Draghi Meets Portuguese Youth With Poor Pay Everyone’s Concern

Rita Rodrigues and Joao Franco expect to find work when they graduate from one of Portugal’s top universities, but they’re less confident about the pay.

“I don’t have very high expectations,” said Rodrigues, in the final year of an economics degree at the ISEG Lisbon School of Economics and Management. “I’m not going to earn a lot right from my initial job,” added Franco, who is completing a management degree, saying students have to “fight for the opportunities.”

The two 21-year-olds might be considered lucky to be preparing to enter the workforce now, as a flood of European Central Bank stimulus cuts unemployment and buoys economic growth. If they want to know how long that monetary support will last and when pay might finally pick up, this is their chance — ECB President Mario Draghi will visit the university on Monday on the way to his institution’s annual forum in nearby Sintra.

The trip will be a reminder of the problems still facing the euro economy even after more than four years of expansion. The region’s jobless rate is above 9 percent — and almost 19 percent for young people. That’s dragging on wage growth and so curbing inflation. And southern European nations such as Portugal and Italy are largely faring worse than their northern neighbors.

It may all be enough to reinforce the ECB chief’s view that it’s too soon for policy makers to think about winding down their 2.3 trillion-euro ($2.6 trillion) bond-buying program, currently scheduled to run until at least the end of this year. He has already lamented that economic growth isn’t generating enough high-quality jobs.

“The ECB alone cannot solve the youth-unemployment problem, which is one of the bigger issues now,” said Holger Sandte, chief European analyst at Nordea Markets in Copenhagen. “What they can do is make sure their policies keep the recovery on track and hope politicians will use it to create opportunities for young people.”

Policy Panel

After the Youth Dialogue, Draghi will travel to the hilltop resort of Sintra for the ECB Forum, where former U.S. Federal Reserve Chairman Ben Bernanke will speak at the opening dinner. The ECB head will give a keynote on Tuesday, before Executive Board members chair a series of academic panels on investment and growth. The event wraps up on Wednesday with a discussion between Draghi, Bank of England Governor Mark Carney, Bank of Japan Governor Haruhiko Kuroda and Bank of Canada Governor Stephen Poloz.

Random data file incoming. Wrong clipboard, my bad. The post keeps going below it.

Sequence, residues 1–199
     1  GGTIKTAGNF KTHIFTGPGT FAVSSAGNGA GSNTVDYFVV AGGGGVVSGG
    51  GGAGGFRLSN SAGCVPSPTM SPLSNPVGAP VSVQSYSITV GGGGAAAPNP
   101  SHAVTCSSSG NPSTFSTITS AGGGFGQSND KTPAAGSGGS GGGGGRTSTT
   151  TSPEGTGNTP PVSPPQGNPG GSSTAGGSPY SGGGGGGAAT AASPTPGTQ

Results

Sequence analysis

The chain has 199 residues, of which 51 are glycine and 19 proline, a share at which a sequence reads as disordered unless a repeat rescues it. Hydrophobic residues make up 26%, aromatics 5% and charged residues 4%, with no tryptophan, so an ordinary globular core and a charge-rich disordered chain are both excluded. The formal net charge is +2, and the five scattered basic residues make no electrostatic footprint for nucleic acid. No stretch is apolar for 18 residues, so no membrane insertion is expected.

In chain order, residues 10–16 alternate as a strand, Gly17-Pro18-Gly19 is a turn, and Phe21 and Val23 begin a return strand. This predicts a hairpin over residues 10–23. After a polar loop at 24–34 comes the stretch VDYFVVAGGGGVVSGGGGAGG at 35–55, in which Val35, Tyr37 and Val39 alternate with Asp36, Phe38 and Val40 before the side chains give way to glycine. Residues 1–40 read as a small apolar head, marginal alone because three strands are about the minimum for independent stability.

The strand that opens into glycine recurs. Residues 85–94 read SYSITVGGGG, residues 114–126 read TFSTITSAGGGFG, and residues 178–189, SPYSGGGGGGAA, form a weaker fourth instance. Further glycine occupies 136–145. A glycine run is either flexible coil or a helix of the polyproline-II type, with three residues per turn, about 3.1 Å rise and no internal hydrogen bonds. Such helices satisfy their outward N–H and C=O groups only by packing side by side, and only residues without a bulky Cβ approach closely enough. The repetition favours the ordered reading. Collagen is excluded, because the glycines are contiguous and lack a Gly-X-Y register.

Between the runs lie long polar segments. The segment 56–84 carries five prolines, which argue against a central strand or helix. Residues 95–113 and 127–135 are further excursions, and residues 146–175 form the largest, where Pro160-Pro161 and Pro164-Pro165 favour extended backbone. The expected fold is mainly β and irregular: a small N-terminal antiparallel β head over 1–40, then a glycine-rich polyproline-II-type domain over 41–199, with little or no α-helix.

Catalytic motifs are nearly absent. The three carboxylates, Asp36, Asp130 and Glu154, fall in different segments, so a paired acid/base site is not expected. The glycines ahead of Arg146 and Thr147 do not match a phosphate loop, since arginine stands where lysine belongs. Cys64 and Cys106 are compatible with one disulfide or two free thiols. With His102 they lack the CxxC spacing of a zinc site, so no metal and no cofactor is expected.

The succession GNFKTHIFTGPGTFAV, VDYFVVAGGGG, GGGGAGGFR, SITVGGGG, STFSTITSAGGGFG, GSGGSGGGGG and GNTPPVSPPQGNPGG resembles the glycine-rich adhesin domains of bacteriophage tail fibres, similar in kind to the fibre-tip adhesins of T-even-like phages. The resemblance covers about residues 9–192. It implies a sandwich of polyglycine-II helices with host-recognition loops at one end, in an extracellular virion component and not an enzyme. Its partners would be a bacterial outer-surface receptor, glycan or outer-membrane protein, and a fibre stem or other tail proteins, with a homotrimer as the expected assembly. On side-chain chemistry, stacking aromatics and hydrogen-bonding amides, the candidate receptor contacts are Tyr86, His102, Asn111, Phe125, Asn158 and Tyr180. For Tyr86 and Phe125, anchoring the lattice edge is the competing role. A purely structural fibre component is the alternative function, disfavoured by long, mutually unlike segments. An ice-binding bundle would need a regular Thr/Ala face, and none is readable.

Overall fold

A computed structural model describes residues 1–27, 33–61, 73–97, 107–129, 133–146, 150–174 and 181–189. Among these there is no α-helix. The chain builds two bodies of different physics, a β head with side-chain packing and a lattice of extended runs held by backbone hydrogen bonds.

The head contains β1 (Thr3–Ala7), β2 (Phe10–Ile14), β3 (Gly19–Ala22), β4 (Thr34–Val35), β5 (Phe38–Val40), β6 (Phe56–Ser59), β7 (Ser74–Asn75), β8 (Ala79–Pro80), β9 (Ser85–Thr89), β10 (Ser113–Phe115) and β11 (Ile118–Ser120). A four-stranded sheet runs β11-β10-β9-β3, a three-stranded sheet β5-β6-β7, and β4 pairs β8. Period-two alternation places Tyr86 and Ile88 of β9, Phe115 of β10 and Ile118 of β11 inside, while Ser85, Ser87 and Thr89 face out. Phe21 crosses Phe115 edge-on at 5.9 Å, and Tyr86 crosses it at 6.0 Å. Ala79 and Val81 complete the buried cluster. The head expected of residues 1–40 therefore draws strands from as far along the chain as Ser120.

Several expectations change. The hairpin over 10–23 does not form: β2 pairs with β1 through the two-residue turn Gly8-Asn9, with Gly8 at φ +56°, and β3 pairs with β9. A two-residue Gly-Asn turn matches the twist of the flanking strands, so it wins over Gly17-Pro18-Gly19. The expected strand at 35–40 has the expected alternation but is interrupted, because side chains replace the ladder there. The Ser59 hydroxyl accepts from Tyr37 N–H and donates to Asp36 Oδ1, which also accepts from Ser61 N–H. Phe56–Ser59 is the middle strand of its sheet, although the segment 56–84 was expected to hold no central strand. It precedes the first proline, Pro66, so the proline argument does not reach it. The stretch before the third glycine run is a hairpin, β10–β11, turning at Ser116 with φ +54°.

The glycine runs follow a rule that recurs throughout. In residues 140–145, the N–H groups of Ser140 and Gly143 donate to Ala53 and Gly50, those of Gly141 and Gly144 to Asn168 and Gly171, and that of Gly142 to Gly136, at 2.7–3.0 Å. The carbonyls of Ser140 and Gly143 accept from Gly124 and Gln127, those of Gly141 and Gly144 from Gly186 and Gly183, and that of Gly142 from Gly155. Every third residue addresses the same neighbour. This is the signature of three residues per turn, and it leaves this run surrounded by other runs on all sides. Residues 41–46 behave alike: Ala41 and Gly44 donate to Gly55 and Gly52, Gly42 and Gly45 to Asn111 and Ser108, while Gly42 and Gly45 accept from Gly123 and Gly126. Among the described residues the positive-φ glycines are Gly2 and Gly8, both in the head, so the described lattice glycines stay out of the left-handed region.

Data this week will likely back up the story of the euro-area economy humming along nicely in most respects except what matters most to the ECB: inflation that can be sustained and stable just below 2 percent.

Portugal is a case in point. The nation’s central bank last week raised its growth forecasts on stronger exports and investment, and unemployment has dropped to less than 10 percent from a high of 17.5 percent at the start of 2013. The rate for people aged 15-24 is down to 24 percent from more than 40 percent.

Yet in a sign of how far the recovery has to go to eliminate spare capacity, it’s likely to be 2019 before Portugal’s gross domestic product climbs above the level seen prior to the global financial crisis.

In the euro area as a whole, the ECB faces a similar dilemma. It published research in May showing the real level of unemployment, counting people who want to work more hours but can’t, could be around 15 percent. Wages are rising by only about 1.5 percent a year, and the ECB projects that consumer-price growth will average just 1.6 percent in 2019.

Output Gap

“For sure the world is changing, but the first-order factor for low inflation remains the slack in the economy,” said Marco Valli, an economist at UniCredit in Milan. “With growth recovering and actually surprising on the upside, the output gap should continue to close and that will eventually lead to some firming in price pressures.”

At its June 8 meeting, the Governing Council didn’t even discuss how and when it might taper its bond purchases from the current pace of 60 billion euros a month, and Draghi used his press conference to call for patience. The council sees no need to take a decision until at least September, euro-area officials familiar with the matter told Bloomberg this month.

That raises the risk of greater market volatility as December approaches without clear signals, and with speculation over how much of the bond market the ECB intends to hoover up.

“What is happening on the labor market is the biggest puzzle, but it’s also a global phenomenon,” said Karsten Junius, chief economist at Bank J. Safra Sarasin in Zurich. “The question is how much sense it makes to chase every government bond that’s still left.”

The ISEG students may wish to pay attention to that question. It’s already occupying one of their alumni — ECB Vice President Vitor Constancio, who received his degree there in 1965 and went on to be assistant professor of economics until 1973.

Then again, they may have other things on their mind. While Rodrigues said she might attend the session with Draghi, Franco intends to skip it to focus on his next big challenge.

“We’re doing exams,” he said. “We’re all stressed with exams.”

    Indicator Survey Prior
    June 26 German business confidence 114.5 114.6
    June 27 Italian manufacturing confidence 106.7 106.9
    June 28 French consumer confidence
    Spanish retail sales
    June 29 Euro-area economic confidence 109.5 109.2
    June 30 German unemployment
    Euro-area inflation

    Read more: https://www.bloomberg.com/news/articles/2017-06-25/draghi-meets-portuguese-youth-with-poor-pay-everyone-s-concern